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Dean Davenport - Managing Expectations

Since I have started my coverage of Crystal Palace Women, starting with Back Of The Nest and now as Eagle Eye View, my attention has been on the players. I have wanted to build a bridge between the players and the fans, be it the fans already supporting, or those that could be. In the men’s game, we are given access to the players to a fair degree, so we feel like we know them. In the women’s game, that has not been the case. There just hasn’t been the focus put on the players, that they deserve. The crazy thing is, through my experiences so far, the CPFCW players are far more interactive then most of the men would be, but our fans just aren’t being directed to it. So, I have tried to generate interviews that would hopefully provide fans with more an insight into the players that they cheer on week after week, to help build that connection. I personally have been happy with what has been produced so far, and I am incredibly grateful to the players who have not only agreed to do the interviews, but really put themselves into the answers, when it would be so easy to just say the bare minimum.


This will continue, and I am so pleased to have two more player interviews lined up, with a past and present element to them. However, while I thoroughly enjoy getting to know the players, there has been one interview that has intrigued me for some time. You see, as football fans, our focus is mostly on the players. We only really discuss the manager when we are looking for someone to blame(see a portion of our fanbase with Roy). Occasionally they get plaudits, but a lot of the time, we are more likely talking about how we could pick the line up better, or set up the tactics better, if we were in the dugout. For me though, I often wonder what the manager is truly thinking. From the stands some things seem so obvious, yet you then look at the dugout and nothing is happening. Most of the time, there is a reason why they are manager and we paid to be there! Even so, I wanted to actually get an insight from the manager’s point of view. Sure, we hear from manager’s every week in press conferences, but these are normally tame answers to rubbish questions that half the time are based more on current events outside the club, then the club itself. I wanted to change that.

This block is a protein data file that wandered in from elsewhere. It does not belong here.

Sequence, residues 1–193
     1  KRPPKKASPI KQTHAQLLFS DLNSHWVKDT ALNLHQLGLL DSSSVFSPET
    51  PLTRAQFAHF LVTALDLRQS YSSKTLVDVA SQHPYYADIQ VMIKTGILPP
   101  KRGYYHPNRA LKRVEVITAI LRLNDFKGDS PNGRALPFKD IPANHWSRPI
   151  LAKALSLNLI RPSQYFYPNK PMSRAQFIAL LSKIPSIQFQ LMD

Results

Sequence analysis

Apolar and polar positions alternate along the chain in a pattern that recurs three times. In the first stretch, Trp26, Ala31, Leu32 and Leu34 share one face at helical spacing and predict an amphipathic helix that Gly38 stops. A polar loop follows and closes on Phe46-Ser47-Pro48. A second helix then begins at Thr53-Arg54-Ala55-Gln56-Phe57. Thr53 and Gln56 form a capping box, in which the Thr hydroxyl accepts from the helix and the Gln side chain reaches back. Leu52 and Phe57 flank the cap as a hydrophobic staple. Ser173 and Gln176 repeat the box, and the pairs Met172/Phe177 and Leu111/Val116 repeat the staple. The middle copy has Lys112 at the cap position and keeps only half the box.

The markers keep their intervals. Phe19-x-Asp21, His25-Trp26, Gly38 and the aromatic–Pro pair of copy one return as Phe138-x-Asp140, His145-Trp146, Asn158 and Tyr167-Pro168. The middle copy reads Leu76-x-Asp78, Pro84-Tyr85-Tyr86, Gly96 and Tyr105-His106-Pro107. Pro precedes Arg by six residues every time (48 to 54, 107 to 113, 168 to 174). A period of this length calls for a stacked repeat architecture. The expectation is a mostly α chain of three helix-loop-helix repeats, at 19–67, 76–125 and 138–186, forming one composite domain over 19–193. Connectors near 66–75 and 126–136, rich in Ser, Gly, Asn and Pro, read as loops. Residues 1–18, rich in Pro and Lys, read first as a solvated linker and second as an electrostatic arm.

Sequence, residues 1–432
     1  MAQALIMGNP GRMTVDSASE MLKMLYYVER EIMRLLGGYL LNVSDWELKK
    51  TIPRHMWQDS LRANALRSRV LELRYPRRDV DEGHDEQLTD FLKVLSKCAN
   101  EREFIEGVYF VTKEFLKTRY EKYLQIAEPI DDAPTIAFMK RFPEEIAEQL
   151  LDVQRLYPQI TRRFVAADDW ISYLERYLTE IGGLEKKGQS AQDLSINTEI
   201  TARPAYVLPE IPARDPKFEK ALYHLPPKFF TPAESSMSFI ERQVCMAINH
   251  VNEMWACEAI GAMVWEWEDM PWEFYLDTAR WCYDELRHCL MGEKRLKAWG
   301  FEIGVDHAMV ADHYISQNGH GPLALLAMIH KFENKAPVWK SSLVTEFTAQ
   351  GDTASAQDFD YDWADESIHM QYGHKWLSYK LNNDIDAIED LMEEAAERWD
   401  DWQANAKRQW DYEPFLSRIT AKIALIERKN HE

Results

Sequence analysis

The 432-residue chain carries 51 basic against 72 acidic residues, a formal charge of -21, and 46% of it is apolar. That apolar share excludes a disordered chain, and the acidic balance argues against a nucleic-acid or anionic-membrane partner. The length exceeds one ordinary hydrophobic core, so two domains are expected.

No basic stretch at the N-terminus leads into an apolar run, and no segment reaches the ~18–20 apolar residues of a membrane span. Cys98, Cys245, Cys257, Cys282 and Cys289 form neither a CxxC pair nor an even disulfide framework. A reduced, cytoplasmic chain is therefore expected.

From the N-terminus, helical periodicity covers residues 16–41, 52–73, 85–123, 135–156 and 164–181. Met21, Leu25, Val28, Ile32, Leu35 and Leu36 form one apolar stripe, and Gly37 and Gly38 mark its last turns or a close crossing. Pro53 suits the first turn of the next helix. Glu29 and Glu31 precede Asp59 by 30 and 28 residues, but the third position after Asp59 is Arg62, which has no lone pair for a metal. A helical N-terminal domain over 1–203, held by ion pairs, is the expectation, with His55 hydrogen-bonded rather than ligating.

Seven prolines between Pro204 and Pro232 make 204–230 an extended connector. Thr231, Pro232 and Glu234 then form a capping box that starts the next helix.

I had been thinking about approaching Crystal Palace Women manager Dean Davenport for quite a few months, but had never quite plucked up the courage to ask! I still always feel nervous asking the players, so the gaffer seemed an even bigger step to make! A few weeks ago, I finally asked, and the gaffer could not have been more accommodating with his response, happily to take part. A decision he may have regretted, when he got the questions! When I started to write the questions out, I had a few in mind. Four pages later, including a rather detailed question about our home form, and I wondered whether I may be taking advantage a tad too much! Dean could have easily refused to answer some of them, he could have told me I was asking too much. He did neither of these things. Instead, I sit here writing this, putting together the answers to four pages of questions! That has always been the great thing with everyone at the club, be it the gaffer, General Manager Paula Johnson, or any of the players. Everyone has been so accommodating, so happy to help and I am so thankful for it, because it enables me to provide these pieces for you all to read.


Ok, so with so many questions to get through, shall I get started? Yes? Well, here we go! Now, we know that it is common for top players to end up in management, in fact that is something we encourage. Yet, there are some who barely played, or never played at a top level. So, before talking about Dean as a manager, I wanted to know if he had been a player?